Challenges to begin in Summer 2018:
How might we help build a food system that greatly reduces greenhouse gas emissions?
Food waste is the fourth largest contributor to greenhouse gas emissions. If we had a semi-closed loop food system, however, food waste could serve to remove CO2 from the atmosphere (through Carbon Sequestration
) . Two of the barriers to local development of a semi-closed loop food system are: there's too much non-organic waste contamination in compost streams (making carbon sequestration infeasible); and there's too much organic waste thrown thrown into trash (limiting financial viability). For this Tiger Challenge, a team will work with Princeton Municipality
to develop innovative ways reduce waste stream contamination and create a blueprint for small and mid-sized towns and cities to create sustainable food systems.
B. Challenge: How might we help create a holistic and seamless system of care for the homeless?
In New York City alone, there are over 60,000 people who are homeless, over 20,000 of whom are children. There is a system of organizations (public and non-for-profit) dedicated to providing needed resources and care to this community, while also providing a path to stability. For this Tiger Challenge, a team will investigate the landscape of organizations serving the homeless in the NYC-area and learn from New York City Relief's Follow-up care team about the challenges and rewards that come with expanding an organization’s reach. The team will then work with NYCR to design innovations that help organizations journey alongside individuals struggling with homelessness on the path to wholeness.
C. Challenge: How might we help close the public/private educational equity gap that persists post-graduation?
Alumni of private schools benefit from membership in their school communities post-graduation (especially from the cultivated network and sense of group) in ways that most public school alumni do not. Each year, the NYC Department of Education, the largest public school system in the United States serving 1.1 million students, graduates over 50,000 of its students. For this Tiger Challenge, a team of Princeton students will interview stakeholders including NYC public school alumni, current students, teachers, and central administrators to identify the resources and supports that NYC public school alumni might need. The team will then work with p.s. alumni to design ways to close the post-graduation public/private equity gap for NYC public school alumni.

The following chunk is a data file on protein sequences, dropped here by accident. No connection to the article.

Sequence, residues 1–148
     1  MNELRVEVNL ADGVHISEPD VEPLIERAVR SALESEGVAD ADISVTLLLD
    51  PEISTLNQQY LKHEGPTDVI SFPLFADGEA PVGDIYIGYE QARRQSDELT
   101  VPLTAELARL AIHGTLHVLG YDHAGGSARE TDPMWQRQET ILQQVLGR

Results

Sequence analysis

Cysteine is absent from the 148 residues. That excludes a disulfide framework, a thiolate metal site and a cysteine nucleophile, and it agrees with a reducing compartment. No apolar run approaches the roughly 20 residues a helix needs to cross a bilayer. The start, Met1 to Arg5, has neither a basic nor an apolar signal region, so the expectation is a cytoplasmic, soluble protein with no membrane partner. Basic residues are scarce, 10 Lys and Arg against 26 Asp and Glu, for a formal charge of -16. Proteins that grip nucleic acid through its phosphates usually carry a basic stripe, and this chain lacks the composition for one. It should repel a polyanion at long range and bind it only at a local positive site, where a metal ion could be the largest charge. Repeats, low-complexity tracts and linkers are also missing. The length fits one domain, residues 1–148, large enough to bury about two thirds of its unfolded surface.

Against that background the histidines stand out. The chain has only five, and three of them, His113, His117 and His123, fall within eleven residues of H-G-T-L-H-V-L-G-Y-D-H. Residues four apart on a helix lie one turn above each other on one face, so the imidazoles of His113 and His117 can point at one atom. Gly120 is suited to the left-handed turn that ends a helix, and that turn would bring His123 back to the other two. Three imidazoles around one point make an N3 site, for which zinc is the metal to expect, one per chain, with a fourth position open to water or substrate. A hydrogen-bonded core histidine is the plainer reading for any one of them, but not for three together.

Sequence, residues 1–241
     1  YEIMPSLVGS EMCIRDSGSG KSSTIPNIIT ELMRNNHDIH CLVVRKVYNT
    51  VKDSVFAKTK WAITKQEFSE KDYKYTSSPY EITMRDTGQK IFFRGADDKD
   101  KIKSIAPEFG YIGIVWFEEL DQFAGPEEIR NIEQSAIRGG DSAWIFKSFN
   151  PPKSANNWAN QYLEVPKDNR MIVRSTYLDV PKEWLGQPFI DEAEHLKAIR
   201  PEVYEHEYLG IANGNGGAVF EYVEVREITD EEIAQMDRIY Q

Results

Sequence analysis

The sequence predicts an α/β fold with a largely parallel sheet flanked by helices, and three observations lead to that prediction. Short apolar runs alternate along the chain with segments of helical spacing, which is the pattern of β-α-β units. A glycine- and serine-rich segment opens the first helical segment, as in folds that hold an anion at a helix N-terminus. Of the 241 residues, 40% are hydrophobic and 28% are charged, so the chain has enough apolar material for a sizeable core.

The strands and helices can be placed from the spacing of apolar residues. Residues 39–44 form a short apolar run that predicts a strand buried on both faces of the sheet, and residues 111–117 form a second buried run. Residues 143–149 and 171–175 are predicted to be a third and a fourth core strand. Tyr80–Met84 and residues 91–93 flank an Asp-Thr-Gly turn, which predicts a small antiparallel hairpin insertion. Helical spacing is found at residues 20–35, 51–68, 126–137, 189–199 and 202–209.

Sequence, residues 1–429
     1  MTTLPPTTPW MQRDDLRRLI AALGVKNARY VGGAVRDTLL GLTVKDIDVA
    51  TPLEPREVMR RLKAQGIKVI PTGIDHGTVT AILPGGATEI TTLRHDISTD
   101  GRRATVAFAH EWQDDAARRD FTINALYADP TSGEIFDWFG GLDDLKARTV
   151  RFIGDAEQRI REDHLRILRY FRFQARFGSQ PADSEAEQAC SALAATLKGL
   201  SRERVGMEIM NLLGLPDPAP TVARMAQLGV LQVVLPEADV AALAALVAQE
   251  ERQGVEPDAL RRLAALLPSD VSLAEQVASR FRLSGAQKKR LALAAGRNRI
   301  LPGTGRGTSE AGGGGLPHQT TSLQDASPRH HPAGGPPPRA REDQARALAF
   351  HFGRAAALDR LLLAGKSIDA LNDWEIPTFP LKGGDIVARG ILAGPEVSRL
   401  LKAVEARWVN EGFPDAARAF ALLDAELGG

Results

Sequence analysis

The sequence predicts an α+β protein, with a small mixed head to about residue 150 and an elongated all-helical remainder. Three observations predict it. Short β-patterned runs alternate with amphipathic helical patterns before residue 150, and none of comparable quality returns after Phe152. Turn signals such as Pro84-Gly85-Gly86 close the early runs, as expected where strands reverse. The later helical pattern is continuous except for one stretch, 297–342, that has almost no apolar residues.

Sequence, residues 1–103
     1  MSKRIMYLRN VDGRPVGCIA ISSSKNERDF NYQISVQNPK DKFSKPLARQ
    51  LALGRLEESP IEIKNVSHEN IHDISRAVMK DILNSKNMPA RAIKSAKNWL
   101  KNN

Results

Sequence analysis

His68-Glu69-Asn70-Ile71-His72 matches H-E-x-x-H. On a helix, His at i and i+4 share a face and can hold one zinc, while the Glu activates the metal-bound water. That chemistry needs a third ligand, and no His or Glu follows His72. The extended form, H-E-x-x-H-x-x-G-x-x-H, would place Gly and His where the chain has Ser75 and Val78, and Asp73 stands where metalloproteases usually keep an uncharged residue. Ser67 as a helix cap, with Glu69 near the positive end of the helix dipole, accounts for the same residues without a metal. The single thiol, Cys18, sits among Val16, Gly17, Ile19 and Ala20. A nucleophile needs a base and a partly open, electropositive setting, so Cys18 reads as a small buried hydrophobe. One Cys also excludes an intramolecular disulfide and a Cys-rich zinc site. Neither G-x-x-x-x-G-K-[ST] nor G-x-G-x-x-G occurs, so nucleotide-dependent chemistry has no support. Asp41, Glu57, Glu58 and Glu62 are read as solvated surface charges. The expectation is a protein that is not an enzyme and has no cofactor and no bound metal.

D. Challenge: How might we help improve patient-provider communication and health outcomes?
The United States leads the world in healthcare spending, but we have poorer outcomes as compared to 10 other high-income countries. Effective physician-patient communication has been identified as a key factor in improved patient outcomes. Communication barriers in the healthcare system occur at many levels and involve more than just the physician-patient interaction. For this Tiger Challenge, a team will study the communication barriers that occur in an outpatient practice at Robert Wood Johnson University Medical Group, a major academic health center in New Jersey. The team will design an innovative solution to improve patient-provider communication and, ultimately, health outcomes.
F. Summer Associates: Helping run the Tiger Challenge program over the summer and mentor two of the teams. (Prerequisite: Tiger Challenge or EGR200)